Another point to note is that should you flex the material too much, it is possible to kink the metal, making it almost impossible to achieve a straight line, so take care to avoid this.  The likelihood of this happening with aluminium is greater than steel, which is another characteristic to consider.  The ‘memory’ of steel is greater than that of aluminium, and its ability to flex back to its original position is therefore more likely.

If you are creating any shapes with any type of symmetrical element, I strongly recommend that you order bespoke material to a drawing that can be fitted in a fraction of the time of free style on site, and a very small proportion of the frustration and probably, waste material, when you abandon what you are really trying to achieve!  This recommendation cannot be overstated!

What Comes After Cor-Ten?

What a popular material for edging!  Cor-Ten® has been an extremely popular option due to its resilience and natural look.  It is excellent to use, looks fantastic in the right place, and there are many case studies to look at.

Beware!  Many of these offerings are not genuine Cor-Ten® steel, and are merely, bare mild steel   There are other good quality weathering steels, but if this is important to you, and I suggest it should be, make sure you know what you are buying and have this in writing from the manufacturer. 

Other finishes such as galvanisation, provide alternatives to powder coating or untreated steel, but they are not everyone's cup of tea!  However, they are also very resilient and when specifying an upstand to withstand migration of such as gravel, they are good options to consider.

Just a note here as to stainless steel used as an edging.  The cost implications of stainless, especially if 316 is in mind, which is the only viable option due to corrosion of 304, make this product very rarely worth considering.  It works well of course but is probably around 10 times the cost with no advantage apart from aesthetic.  However, it can be made, and it works well if money is not an object and is desired deeply enough!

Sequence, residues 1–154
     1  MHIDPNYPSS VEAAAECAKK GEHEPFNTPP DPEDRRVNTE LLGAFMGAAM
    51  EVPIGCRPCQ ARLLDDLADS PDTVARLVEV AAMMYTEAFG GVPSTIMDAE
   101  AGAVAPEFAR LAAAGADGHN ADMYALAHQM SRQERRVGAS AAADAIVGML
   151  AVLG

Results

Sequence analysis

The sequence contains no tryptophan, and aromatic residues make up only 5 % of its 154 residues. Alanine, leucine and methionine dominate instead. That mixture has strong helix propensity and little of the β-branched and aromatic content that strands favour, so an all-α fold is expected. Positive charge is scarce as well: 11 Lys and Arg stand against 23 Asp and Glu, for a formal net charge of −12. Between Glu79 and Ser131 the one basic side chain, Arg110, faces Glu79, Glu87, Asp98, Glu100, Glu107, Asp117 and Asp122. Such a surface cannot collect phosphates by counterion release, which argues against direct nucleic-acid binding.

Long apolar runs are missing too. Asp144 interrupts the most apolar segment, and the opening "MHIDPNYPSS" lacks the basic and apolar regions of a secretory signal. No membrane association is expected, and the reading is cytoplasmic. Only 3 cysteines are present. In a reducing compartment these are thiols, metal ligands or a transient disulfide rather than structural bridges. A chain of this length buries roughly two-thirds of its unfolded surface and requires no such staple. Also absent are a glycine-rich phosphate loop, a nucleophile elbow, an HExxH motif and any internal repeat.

Corners, Curves and Fixings

Working with steel as opposed to wood is challenging, and it is a good idea that anything particularly bespoke you fabricate off-site, to a drawing.  Cutting and forming of steel is completed very quickly using specialised machinery but is not easy at all with smaller tools on site. 

Further information of using the flexibility of steel to create curves is discussed previously but I would always suggest some experimentation if you are a contractor thinking of creating curves on site. 

However, if you need to form corners using Borderline or a similar type of metal landscape edging, by using a small grinder you can cut a V-shaped groove down the front of the strip, which will enable a very professional looking corner with ease. 

When scoring, the bare metal should be protected with paint galvanising spray if not using an untreated finish.  This will preserve it from corrosion.   Why not experiment with a small piece prior to doing the actual corner, so that you have a clear understanding of how deep the groove should be?

The advantages of using metal edging go beyond this of course, and when I say ‘metal’ here, I refer to both steel and aluminium.  The market has grown enormously in recent years, and awareness of steel and aluminium as an option to timber is well known and used and for good reason, as you can and will appreciate!